In calculations of natural orbitals from Table 2 we used the standard Löwdin’s orthogonalization procedure to obtain orthogonal AOs. However, it was of our interest to find how and depend on the orthogonalization procedure. Table 3 contains the same data as Table 2 but is calculated within representation of “physically” orthogonalized atomic orbitals (superscript ) [27–29]. At first glance one can observe a small improvement of electron populations from DFT/B3LYP/aug-cc-pVDZ. Also, in contrast to calculations involving “geometrical” orthogonalization, for benzaldehyde in STO-3G basis set correctly predict *meta* directing of substituent group. In general, however, calculated energies are similar to those from Table 2 (average distances between the respective energies calculated within “geometrically” and “physically” orthogonalized AO representations are: 0.4 (STO-3G), 0.8 (6-31G*), and 0.9 (aug-cc-pVDZ) [kcal*·*mol^{−1}]) and thus allow one to draw almost the same conclusions about reactivity of particular carbon atom.

The energetic effects from Tables 2 and 3 are relatively small (but comparable with differences between stabilization energies of the corresponding Wheland intermediates [30]). For comparison, below we present several simple species ordered with respect to relative nucleophilicities (from weak to very good nucleophiles) and the corresponding energies [kcal*·*mol^{−1}] (of orbitals identified as lone pairs in all cases) calculated at DFT/B3LYP/TZP with model core potential [31, 32]: CH_{3}COOH < H_{2}O < NH_{3} < CH_{3}O^{−} < CH_{3}S^{−}, 11.8 61.1 217.9 232.4.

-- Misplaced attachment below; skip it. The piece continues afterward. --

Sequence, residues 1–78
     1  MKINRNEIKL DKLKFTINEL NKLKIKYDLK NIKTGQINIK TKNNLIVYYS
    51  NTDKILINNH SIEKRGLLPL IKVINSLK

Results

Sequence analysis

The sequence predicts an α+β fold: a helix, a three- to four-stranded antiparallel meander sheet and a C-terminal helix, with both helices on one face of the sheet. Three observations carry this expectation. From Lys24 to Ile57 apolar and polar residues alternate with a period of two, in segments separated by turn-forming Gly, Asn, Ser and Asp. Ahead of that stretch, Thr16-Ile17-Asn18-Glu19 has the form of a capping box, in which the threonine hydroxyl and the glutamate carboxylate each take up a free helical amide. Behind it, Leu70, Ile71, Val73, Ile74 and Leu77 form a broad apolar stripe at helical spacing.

#### 4. Summary

In this work we have briefly introduced a simple method of evaluating the relative nucleophilicity in energy scale. The concept involves the use of natural orbitals for atomic population of electrons and their energies (i.e., expectation values of Fock operator) as well as occupation numbers to identify “the most reactive population of electrons” on particular atom (or molecular fragment). Such scenario is directly related to the standard FMO theory treatment involving atomic populations of electrons of the highest occupied molecular orbital (HOMO); in the newly proposed approach we first focus on the electron population of particular atom and then analyze energies of occupied natural orbital. This strategy has been examined on the regioselectivity problem in the electrophilic aromatic substitution to the benzene derivatives. Analysis of the results allows one to draw the conclusion that evaluation and comparison of relative chemical nucleophilicities of atoms in an energy domain are more reliable and advantageous than analyses involving other popular MO-based; this seems to be somehow obvious since, in contradistinction to the majority of condensed atomic indices, energetic descriptors converge systematically to the complete-basis-set limit. It has to be noticed, however, that electron population of the highest occupied natural orbital of a particular atom in molecule is somewhat insensitive to basis set variations and the corresponding energy seems to exhibit the basis set dependence quite consistent with the variational principle.

The presented methodology is still in need of thorough analysis and examination. Also, it is of our special interest to take advantage of the approach based on natural atomic orbitals involving virtual molecular orbitals to evaluate the energetic descriptor of electrophilicity of atoms and molecular fragments.

#### References